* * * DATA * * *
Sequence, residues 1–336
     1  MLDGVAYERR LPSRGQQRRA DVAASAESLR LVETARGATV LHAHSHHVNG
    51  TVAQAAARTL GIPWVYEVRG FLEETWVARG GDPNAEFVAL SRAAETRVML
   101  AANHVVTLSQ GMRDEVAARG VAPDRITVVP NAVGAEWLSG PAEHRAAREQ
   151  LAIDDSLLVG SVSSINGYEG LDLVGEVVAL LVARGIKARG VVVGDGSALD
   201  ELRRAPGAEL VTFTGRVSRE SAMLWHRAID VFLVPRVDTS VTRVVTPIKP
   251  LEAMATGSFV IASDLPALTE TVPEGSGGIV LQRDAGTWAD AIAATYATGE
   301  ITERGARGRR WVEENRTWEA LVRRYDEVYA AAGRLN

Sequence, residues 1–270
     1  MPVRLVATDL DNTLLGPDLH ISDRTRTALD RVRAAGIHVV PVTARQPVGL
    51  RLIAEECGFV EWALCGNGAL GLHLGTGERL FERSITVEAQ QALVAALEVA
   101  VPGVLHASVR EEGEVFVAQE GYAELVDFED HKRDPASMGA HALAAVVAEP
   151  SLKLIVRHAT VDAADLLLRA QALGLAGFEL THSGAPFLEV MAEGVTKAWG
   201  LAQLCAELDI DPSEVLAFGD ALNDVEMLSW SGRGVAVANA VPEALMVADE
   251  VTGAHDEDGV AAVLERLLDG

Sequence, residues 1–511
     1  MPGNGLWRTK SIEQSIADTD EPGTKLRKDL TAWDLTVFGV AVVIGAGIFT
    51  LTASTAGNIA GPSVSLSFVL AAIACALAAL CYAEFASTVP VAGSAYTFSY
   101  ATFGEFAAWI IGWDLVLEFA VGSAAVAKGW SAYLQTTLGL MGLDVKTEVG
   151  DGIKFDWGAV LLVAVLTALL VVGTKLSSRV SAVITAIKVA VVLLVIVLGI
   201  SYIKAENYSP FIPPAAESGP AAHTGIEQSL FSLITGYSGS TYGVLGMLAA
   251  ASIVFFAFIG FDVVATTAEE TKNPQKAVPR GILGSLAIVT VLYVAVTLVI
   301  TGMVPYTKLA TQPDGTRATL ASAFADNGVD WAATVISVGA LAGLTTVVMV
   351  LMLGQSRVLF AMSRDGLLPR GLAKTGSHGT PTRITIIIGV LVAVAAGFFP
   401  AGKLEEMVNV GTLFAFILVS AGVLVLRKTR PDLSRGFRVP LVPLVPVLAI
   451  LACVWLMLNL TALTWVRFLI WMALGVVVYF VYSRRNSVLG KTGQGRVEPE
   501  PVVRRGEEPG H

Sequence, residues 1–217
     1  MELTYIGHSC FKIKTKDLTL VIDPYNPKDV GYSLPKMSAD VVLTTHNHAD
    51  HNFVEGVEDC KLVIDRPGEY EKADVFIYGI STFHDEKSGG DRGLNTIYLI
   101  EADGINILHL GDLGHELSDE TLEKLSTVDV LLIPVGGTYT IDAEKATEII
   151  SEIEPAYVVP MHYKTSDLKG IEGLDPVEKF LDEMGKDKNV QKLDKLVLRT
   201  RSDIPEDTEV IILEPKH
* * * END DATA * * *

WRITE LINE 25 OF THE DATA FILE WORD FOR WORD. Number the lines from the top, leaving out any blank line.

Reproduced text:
   401  AGKLEEMVNV GTLFAFILVS AGVLVLRKTR PDLSRGFRVP LVPLVPVLAI